The Mysteries of Creation : The Genesis Story Paperback
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As usual with Rocco A. Errico's explanation of Bible texts via a translation by meaning of Aramaic idioms, this book is worth being read. It is much shorter, but far superior to Ralph Ellis' take on Genesis, which is based on literal word-by-word translations forth and back of parallel meanings/connotations of ancient Egyptian. For the daring, this in other aspects rather hilarious book is called Eden In Egypt. In turn, Errico followed up his book with Aramaic Light on Genesis which is longer and goes more precisely into details of the entire Genesis chapter. The book at hand concentrates merely on the creation part. Overlaps are negligible.
This first book appears in a semi-mystical light, if there is such a thing. For example, the take on (the non-existence of) races is as ambivalent as is the one on the gender(s) issue, in respect to mysticism. (In this context mysticism meaning the disbelief in separations of any un-kind.) However way (dis)agreeable, for the special interested, it is worth to read the rather brief thoughts on these issues in the parameters of this book.
The book doesn't quite reach the quality of Errico's books on the New Testament (e.g. Let There Be Light: The Seven Keys and Setting a Trap for God: The Aramaic Prayer of Jesus), even though it is recommendable. Still, I wonder wether the OLD Testament really has ARAMAIC at its source, but maybe this is meant as an intermediate step or the immediate text version at hand. Knowing the idioms and cultural context leading to a better overstanding than the later literal translations of these words.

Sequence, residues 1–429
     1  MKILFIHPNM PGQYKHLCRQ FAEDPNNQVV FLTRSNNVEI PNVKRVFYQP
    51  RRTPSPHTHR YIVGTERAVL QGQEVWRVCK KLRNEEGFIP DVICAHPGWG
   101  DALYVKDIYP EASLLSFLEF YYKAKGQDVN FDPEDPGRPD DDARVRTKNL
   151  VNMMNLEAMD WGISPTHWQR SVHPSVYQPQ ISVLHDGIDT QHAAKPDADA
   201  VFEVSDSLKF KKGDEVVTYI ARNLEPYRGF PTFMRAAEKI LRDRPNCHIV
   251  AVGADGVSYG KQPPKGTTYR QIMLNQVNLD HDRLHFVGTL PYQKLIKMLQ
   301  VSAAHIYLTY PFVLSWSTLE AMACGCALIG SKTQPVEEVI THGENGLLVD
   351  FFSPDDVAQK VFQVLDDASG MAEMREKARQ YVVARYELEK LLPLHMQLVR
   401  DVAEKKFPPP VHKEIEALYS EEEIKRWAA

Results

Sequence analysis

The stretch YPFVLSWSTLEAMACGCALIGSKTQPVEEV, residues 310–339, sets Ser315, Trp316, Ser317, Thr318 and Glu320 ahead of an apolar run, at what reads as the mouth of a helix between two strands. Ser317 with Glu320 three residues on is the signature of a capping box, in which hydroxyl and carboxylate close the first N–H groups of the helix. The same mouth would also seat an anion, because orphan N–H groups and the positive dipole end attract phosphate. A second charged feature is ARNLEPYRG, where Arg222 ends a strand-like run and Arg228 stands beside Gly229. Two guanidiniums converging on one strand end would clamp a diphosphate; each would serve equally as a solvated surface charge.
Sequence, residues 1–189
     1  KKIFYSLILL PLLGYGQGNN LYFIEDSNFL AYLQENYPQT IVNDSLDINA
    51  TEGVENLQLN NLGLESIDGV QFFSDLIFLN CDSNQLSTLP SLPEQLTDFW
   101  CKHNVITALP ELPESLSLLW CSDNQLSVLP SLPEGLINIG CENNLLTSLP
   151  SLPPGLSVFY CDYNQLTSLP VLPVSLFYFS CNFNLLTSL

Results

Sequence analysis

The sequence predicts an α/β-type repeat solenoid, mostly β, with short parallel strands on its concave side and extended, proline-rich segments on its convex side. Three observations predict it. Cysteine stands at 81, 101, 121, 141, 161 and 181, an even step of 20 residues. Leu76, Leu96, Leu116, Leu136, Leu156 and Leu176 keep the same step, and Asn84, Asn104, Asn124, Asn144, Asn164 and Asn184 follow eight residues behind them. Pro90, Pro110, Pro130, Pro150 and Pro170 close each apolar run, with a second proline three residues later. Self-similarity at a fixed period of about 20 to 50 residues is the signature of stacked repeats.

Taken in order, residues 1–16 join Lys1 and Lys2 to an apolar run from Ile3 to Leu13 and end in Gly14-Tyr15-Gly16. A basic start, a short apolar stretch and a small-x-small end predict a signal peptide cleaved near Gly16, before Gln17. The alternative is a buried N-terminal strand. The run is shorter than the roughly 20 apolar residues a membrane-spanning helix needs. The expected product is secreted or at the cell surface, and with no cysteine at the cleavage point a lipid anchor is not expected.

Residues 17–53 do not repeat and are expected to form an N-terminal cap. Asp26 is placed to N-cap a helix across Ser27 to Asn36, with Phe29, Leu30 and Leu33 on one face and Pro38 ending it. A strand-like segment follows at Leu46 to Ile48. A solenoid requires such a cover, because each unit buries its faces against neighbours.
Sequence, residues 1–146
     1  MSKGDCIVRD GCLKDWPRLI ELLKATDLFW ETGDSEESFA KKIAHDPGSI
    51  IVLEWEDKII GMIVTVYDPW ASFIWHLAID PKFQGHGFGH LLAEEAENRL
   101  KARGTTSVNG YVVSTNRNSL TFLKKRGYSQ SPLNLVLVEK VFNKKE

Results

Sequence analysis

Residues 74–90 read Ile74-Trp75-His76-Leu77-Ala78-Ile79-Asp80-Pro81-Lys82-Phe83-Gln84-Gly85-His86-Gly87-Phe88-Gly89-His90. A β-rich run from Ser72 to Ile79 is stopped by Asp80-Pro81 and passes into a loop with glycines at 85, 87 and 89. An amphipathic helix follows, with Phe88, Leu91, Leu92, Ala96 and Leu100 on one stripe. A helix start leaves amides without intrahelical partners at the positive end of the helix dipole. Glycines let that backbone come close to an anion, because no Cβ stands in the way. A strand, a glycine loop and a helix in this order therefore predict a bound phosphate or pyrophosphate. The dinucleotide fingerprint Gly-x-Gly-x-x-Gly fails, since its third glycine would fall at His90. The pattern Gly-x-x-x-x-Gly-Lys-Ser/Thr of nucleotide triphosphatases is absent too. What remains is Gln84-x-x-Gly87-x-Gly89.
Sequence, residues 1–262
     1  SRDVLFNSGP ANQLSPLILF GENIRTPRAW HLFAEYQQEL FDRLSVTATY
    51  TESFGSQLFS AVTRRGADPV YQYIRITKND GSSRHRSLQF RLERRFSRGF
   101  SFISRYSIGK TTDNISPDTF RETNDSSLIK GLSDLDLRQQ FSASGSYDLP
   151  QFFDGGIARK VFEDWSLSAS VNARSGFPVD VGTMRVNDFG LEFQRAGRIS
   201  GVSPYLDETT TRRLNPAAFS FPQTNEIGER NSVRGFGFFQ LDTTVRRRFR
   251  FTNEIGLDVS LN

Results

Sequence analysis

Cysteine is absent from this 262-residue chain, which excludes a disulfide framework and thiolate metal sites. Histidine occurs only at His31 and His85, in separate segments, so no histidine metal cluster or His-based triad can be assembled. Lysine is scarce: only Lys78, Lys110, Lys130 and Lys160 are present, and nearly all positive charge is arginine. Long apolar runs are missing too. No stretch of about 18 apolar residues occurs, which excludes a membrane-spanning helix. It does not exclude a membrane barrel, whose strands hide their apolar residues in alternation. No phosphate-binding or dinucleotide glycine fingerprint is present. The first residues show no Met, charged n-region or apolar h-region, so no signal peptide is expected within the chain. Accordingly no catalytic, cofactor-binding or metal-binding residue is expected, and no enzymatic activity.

For example, he gives a little background on how there were other Hebrew creation poems and traditions that existed in Israel in ancient times. He refers the reader to Job38:7 and Isaiah40:12,21-22 as remnants and allusions to those earlier epics. He states that the Hebrew Creation account based on biblical experts(no names given) plausibly date the text narrative around the 6th century, B.C.E. and belive the author wrote it for the exicled Jews in Chaldea (Babylon). He does wet the appetite for one to do more research on Creation accounts. He gave a side by side of the Hebrew account vs. the Babylonian Cosmogony, 'Enuma Elish':
GENSIS (Hebrew Creation Account)
1) Chaos; darkness
covering the deep
2) Light created
3) Creation of firmament
4) Creation of dry land
5) Creation of luminaries
6) Creation of man
7) God rests and hallows
the seventh day
ENUMA ELISH (Babylonian Cosmogony)
1) Primeval chaos; the Ti'ama(the sea)
enveloped in darkness
2) Light from the gods
4) Dry Land
7) The gods rest and are festive
the seventh day
He also touched on the authorship of the books of Genesis, Exodus, Leviticus, Numbers, and Deuteronomy with reference to sources such as: "J" - Yahwist(Judah/Southern Kingdom); "E" -Elohist (Ephraim/Northern Kingdom); "P"-Priest and "D"-author of Deuteronomy. And also, "R"-Redactor(Editor of the J,E,P, and D accounts.) To better understand this belief or methodology, i'd refer one to Richard Elliott Friedman's: WHO WROTE THE BIBLE? This book is an excellent read but would have been better titled: 'WHO WROTE THE TORAH' or 'WHO WROTE THE FIRST FIVE BOOKS OF THE BIBLE?' This book will give one a greater understanding of what was going on during the time of the judges and kings. I highly recommend it!